NASA has issued the initial radar images of an asteroid that finished its closest pass of Earth on 26 Jan at a distance of 1.2 million kilometers, showing it has its own minute moon. The images were captured by NASA's 70-metre Deep Space Network antenna at Goldstone, California. The 20 different images, put together to produce the movie below, it shows the main body, asteroid 2004 BL86, is almost 325 metres in diameter and has a tiny moon nearly 70 metres across. Its nearest approach was nearly three times further away than our Moon. In the close-Earth population, nearly 16% of asteroids that are about 200 metres or bigger are a binary (the main asteroid with a tiny asteroid moon orbiting it) or even triple systems (with two moons). The route of asteroid 2004 BL86 is well understood. Monday's flyby was the nearest approach the asteroid 2004 BL86 will make to Earth for nearly next two centuries. Asteroid 2004 BL86 is also the closest a known asteroid this huge size will come close to Earth until asteroid 1999 AN10 travel past our planet in 2027 and that the main reason why Asteroid 2004 BL86 is a big deal.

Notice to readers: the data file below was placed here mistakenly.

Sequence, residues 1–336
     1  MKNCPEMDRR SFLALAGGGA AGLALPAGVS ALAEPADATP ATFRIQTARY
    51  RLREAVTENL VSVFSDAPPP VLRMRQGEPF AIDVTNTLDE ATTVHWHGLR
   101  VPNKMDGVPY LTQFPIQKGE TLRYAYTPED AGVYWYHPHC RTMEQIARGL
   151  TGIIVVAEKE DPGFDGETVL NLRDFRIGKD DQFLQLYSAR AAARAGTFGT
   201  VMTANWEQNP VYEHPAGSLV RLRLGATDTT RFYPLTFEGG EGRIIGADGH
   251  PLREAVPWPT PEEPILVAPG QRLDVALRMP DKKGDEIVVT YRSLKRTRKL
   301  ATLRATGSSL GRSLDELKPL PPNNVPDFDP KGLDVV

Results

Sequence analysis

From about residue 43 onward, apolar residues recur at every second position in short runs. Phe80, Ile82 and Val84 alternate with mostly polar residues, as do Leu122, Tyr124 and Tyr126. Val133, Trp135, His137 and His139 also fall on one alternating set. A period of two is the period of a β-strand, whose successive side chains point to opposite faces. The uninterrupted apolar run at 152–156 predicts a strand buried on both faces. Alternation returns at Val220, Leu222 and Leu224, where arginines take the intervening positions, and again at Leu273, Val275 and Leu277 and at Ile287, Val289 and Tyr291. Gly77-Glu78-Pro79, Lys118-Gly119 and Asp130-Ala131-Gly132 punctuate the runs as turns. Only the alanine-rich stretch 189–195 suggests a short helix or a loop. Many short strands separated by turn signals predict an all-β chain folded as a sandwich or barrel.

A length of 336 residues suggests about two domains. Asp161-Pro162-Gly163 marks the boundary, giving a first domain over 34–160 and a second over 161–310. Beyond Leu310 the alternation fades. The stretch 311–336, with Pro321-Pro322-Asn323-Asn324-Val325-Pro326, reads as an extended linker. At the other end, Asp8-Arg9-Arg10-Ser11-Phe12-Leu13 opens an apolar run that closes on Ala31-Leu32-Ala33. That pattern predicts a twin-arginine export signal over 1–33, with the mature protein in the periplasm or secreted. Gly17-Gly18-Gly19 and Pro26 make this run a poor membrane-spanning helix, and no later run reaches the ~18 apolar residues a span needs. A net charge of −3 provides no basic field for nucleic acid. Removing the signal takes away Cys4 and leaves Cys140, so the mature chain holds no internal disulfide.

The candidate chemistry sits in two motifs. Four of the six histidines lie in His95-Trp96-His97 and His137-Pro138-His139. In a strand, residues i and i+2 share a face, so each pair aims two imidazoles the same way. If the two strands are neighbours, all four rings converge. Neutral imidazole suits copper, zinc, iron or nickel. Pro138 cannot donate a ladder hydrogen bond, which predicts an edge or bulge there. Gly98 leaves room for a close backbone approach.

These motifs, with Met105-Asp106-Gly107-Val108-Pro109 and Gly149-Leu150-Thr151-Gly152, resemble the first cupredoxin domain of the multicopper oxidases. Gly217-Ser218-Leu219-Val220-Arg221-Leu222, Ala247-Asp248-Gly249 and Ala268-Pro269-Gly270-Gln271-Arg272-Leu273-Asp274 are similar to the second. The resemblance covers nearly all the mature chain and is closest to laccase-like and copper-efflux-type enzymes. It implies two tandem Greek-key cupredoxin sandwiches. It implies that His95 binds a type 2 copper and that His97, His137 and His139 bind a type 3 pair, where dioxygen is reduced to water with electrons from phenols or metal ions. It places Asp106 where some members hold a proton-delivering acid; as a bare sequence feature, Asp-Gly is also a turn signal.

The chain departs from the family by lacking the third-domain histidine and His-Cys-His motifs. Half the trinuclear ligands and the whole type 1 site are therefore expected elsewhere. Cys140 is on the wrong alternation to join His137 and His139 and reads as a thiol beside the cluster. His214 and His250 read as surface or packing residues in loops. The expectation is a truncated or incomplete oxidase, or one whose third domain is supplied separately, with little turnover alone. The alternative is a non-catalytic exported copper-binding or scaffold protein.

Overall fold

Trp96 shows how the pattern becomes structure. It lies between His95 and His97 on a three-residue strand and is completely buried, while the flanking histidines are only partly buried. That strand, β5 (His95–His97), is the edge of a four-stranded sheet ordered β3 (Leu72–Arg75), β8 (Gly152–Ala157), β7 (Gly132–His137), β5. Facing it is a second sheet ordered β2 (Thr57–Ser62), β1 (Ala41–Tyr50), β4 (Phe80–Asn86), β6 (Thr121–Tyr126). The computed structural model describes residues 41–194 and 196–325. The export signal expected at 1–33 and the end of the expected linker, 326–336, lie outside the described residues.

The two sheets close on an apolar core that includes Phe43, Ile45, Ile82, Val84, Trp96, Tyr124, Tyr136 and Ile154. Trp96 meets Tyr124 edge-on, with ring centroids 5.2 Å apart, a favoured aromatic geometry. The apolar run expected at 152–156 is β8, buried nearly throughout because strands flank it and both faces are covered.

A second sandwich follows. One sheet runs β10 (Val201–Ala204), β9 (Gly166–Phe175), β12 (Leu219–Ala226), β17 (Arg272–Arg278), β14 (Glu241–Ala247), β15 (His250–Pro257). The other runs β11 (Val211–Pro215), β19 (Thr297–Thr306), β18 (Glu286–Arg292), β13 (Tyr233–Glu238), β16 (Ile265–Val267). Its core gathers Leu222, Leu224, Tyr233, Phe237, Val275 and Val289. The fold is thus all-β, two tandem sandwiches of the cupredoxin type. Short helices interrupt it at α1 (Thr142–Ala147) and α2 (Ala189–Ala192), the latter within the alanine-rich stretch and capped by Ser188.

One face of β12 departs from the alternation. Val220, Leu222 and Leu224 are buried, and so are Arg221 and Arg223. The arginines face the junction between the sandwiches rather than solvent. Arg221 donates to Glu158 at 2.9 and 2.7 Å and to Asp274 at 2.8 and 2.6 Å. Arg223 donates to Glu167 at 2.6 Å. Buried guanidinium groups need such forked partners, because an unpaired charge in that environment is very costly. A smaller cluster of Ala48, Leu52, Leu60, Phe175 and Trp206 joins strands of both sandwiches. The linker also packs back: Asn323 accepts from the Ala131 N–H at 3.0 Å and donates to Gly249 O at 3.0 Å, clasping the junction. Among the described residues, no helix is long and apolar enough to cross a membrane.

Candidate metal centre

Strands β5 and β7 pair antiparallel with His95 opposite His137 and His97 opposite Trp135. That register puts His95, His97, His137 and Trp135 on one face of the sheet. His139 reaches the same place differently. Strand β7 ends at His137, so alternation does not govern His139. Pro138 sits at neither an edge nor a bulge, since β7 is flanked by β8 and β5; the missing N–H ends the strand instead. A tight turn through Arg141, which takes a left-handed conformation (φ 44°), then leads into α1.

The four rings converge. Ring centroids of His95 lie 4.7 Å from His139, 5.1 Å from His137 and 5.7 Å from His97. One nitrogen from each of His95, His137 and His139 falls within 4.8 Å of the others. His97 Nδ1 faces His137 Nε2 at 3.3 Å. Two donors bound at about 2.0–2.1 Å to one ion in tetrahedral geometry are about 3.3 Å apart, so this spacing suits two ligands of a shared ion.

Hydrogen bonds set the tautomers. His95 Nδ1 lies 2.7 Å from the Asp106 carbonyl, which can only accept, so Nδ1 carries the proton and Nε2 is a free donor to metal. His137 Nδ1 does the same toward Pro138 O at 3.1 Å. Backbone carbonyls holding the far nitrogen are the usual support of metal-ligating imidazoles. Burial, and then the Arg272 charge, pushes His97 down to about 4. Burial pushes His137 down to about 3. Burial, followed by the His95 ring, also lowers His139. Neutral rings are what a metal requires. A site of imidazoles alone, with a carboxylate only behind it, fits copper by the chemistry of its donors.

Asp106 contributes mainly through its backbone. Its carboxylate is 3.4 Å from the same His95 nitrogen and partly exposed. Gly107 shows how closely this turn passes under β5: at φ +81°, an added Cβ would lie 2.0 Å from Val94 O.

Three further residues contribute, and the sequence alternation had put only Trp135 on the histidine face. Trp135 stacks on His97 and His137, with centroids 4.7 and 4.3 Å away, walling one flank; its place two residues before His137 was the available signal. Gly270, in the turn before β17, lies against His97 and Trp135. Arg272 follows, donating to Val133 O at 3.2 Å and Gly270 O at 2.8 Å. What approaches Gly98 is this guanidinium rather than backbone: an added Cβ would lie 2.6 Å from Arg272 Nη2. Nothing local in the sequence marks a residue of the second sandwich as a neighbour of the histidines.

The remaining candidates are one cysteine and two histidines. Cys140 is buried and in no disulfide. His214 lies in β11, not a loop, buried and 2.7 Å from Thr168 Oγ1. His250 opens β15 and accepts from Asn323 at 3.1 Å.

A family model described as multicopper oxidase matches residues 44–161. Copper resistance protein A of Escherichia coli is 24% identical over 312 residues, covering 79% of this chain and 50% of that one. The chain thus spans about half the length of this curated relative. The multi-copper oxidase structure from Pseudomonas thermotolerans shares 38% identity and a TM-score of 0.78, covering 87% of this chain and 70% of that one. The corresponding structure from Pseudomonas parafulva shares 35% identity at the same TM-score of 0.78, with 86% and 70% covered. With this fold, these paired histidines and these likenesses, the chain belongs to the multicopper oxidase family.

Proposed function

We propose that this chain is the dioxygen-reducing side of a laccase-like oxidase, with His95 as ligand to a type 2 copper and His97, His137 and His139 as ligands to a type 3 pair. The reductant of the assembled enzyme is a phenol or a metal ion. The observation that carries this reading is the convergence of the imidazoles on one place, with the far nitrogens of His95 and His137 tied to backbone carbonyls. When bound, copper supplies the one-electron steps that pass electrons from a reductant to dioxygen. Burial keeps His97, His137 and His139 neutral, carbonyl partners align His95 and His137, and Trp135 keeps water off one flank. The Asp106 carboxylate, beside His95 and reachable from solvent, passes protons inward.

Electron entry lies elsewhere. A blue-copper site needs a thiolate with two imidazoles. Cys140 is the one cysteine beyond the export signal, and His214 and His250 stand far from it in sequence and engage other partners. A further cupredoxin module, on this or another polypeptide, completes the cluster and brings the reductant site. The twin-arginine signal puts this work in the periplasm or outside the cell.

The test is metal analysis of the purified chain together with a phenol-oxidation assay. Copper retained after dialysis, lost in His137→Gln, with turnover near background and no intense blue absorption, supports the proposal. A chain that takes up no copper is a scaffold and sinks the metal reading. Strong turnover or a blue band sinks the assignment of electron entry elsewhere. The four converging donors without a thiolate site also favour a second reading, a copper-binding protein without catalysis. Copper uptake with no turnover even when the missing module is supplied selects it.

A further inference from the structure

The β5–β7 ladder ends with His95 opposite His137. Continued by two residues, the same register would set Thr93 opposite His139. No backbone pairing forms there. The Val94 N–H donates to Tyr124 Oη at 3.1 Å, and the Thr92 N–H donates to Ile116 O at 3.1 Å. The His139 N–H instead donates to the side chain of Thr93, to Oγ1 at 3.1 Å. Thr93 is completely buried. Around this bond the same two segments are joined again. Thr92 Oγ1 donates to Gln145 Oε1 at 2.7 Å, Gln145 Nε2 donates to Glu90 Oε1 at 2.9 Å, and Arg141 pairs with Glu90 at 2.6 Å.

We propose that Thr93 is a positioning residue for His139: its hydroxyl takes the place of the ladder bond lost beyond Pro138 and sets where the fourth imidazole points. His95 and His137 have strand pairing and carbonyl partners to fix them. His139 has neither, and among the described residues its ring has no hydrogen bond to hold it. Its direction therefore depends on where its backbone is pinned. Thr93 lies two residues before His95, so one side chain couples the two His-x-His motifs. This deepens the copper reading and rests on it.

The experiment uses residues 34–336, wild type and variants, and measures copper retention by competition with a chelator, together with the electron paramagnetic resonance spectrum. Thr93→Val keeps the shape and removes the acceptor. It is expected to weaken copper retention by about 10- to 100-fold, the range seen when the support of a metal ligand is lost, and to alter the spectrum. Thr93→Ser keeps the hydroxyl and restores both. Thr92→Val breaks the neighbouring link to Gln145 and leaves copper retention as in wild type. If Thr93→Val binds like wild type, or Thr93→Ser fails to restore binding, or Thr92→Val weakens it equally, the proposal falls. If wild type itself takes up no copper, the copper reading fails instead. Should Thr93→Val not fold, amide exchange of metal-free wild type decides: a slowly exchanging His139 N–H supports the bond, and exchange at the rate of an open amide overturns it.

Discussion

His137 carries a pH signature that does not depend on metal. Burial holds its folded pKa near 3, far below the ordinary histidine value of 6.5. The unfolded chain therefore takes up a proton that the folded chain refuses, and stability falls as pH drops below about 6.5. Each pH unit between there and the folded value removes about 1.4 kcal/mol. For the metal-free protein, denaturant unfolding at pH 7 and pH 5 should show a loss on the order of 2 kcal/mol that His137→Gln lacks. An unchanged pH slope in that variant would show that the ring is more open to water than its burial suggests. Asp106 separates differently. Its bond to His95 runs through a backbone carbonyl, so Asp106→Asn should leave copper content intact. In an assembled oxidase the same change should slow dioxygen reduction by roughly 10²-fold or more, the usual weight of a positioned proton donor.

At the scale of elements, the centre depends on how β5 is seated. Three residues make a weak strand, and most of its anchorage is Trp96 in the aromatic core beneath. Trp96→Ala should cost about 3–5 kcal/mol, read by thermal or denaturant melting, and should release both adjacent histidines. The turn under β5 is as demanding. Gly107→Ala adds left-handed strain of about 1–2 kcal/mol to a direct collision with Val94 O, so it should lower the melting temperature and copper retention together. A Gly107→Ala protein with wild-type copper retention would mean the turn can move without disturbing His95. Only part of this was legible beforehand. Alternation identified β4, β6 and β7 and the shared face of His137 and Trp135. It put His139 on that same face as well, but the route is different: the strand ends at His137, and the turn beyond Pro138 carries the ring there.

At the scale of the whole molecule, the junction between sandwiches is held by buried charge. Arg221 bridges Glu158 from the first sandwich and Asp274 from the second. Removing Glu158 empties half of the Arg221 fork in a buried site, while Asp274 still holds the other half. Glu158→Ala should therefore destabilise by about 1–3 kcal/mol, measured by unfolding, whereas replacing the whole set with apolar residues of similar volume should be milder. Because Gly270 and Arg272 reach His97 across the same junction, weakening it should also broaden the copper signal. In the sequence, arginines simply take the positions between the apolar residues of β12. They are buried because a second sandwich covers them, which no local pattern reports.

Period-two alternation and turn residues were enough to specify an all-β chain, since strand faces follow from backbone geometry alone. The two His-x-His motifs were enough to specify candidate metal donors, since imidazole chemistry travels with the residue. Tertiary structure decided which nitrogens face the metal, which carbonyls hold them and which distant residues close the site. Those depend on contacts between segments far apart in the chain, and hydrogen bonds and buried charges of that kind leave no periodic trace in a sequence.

Asteroid 2004 BL86 was revealed on 30 January 2004, by the Lincoln Near-Earth Asteroid Research (LINEAR) project in New Mexico. NASA places a high significance on tracing asteroids and defending Earth from them. A team of well-known scientists lately called for increased caution, saying that Earth was "living on borrowed time" with respect to a probable asteroid impact. You can read more about Near-Earth objects at: jpl.nasa.gov